ties of plasma treated carbon nanotubes. ¡°Firstly, ultralong nanotubes have
a very large surface area that is ideal for filtration. Secondly, nanotubes are
easy to modify, which allows us to tailor their surface properties through
localised nanoscale plasma treatment,¡± he says.
Now that the researchers have proven the effectiveness of the method, they
plan to extend their research to investigate the filtration properties of other
nanomaterials. They will begin by looking at graphene, which has similar
properties to carbon nanotubes, but could be made considerably denser
The study ¡®Carbon nanotube membranes with ultrahigh specific capacity
for water desalination and purification¡¯ is a collaborative work between
Singapore University of Technology and Design, CSIRO, Massachusetts
Institute of Technology (MIT), the University of Sydney, and Hong Kong
Polytechnic University. (source: Yang HY, Han ZJ, Yu SF, Pey KL, Ostrikov
K, Karnik R. 2013. Carbon nanotube membranes with ultrahigh specific
adsorption capacity for water desalination and purification [www.nature.
Next Generation Water Desalination/Purification
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¡°Study paves way for next generation of
portable water purification devices, which
could provide relief to the 780 million
people around the world who face every
day without access to a clean water supply¡±
Access to safe drinking water is a step closer
to being a reality for those in developing
countries, thanks to new research published
in Nature Communications and released by
CSIRO, the Commonwealth Scientific and
Industrial Research Organisation, Australia¡¯s
national science agency, on August 14.
An international team of researchers, led
by Associate Professor Hui Ying Yang from
Singapore University of Technology and De-
sign, showed that water purification mem-
branes enhanced by plasma-treated carbon
nanotubes are ideal for removing contami-
nants and brine from water.
The team included Dr Zhaojun Han and
Professor Kostya (Ken) Ostrikov from
2013 September #4-8
CSIRO¡¯s world-leading Plasma Nanoscience Laboratories.
The study paves the way for the next generation of portable water purification
devices, which could provide relief to the 780 million people around the world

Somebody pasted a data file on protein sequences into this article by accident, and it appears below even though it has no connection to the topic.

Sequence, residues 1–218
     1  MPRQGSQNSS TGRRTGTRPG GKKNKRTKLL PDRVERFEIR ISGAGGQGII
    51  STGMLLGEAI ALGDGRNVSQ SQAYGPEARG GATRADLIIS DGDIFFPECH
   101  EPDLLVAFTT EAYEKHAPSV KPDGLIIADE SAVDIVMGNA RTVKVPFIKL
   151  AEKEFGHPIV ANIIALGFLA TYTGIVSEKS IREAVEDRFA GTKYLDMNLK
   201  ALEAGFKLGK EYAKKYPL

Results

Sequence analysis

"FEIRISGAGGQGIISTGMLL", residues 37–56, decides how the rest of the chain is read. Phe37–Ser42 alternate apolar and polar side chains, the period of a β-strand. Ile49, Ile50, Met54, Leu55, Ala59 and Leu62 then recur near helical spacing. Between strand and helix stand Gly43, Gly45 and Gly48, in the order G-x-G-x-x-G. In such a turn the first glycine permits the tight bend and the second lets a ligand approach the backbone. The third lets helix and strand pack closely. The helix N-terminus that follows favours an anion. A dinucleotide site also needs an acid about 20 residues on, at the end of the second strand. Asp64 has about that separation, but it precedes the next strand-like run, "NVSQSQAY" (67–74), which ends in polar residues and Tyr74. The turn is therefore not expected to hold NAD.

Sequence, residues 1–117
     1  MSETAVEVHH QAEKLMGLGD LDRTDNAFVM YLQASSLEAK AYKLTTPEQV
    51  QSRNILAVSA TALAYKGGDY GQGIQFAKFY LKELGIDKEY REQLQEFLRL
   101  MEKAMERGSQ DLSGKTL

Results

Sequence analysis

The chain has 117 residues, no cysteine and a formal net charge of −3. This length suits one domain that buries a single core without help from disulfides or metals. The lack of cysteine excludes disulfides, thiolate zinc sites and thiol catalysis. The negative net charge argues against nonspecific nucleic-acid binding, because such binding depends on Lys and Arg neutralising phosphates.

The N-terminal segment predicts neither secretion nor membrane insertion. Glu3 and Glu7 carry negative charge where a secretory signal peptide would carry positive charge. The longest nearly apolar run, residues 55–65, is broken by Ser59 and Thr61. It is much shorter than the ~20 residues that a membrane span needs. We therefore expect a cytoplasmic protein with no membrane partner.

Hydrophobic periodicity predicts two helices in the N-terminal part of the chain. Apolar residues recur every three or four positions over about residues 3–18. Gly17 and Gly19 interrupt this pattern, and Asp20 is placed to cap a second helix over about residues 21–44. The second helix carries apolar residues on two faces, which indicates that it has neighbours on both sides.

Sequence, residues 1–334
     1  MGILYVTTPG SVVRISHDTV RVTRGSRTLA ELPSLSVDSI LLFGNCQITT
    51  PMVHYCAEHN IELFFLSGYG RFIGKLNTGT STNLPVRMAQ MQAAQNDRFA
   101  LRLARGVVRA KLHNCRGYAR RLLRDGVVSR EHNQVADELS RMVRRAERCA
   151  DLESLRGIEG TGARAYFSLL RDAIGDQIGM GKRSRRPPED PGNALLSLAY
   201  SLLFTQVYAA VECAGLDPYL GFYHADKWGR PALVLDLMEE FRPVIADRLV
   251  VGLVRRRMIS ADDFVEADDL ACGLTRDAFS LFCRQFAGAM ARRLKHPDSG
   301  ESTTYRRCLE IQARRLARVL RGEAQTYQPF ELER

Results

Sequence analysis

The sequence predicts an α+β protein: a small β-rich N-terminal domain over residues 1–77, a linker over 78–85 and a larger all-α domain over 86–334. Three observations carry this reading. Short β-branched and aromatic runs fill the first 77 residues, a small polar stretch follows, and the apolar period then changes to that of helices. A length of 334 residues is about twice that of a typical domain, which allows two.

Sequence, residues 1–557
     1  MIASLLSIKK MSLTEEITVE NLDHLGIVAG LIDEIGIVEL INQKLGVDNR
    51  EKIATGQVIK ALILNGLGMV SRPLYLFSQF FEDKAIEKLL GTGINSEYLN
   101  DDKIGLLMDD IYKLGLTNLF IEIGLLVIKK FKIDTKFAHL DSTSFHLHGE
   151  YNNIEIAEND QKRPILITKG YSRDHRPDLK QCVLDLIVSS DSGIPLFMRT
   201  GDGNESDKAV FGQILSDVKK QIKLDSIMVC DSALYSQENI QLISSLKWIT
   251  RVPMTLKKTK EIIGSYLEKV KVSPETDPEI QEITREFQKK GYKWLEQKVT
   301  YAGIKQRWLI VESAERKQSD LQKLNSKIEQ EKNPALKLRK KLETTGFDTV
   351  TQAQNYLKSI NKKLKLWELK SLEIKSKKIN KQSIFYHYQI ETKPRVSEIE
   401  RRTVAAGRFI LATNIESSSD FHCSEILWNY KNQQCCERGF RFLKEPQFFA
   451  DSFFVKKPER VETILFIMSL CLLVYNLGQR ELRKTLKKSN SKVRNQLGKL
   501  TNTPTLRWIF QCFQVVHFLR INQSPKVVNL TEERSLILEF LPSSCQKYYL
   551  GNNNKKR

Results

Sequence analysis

who face every day without access to a clean water supply.
According to Dr Han, these membranes could be integrated into portable water
purification devices the size of a tea pot that would be rechargeable, inexpensive
and more effective than many existing filtration methods. Contaminated water
would go in one end, and clean drinkable water would come out the other.
¡°Small portable purification devices are increasingly recognised as the best way
to meet the needs of clean water and sanitation in developing countries and in
remote locations, minimising the risk of many serious diseases,¡± Dr Han says.
¡°The large industrialised purification plants we see in other parts of the world
are just not practical ¨C they consume a large amount of energy and have high
labour costs, making them very expensive to run.¡±
Dr Han acknowledges that some smaller portable devices do already exist.
However, because they rely on reverse osmosis and thermal processes, they are
able to remove salt ions but are unable to filter out organic contaminants from
the briny water found in some river and lake
¡°For people in remote locations, briny water
can sometimes be the only available water
source,¡± he says. ¡°That¡¯s why it¡¯s important
to not only be able to remove salts from
water, but to also be able to put it through a
process of purification.¡±
¡°Our study showed that carbon nanotube
membranes were able to filter out ions of
vastly different sizes, meaning they were
able to remove salt, along with other impuri-
ties,¡± he says.
According to Professor Ostrikov, the other
downside of existing portable devices is that
they require a continuous power supply to
operate their thermal processes. ¡°On the
other hand, the new membranes could be
operated as a rechargeable device.¡±
Professor Ostrikov attributes the success of
the new membranes to the unique proper-
The next generation of water purification devices will use plasma-
treated carbon nanotube filters to purify the world water supply.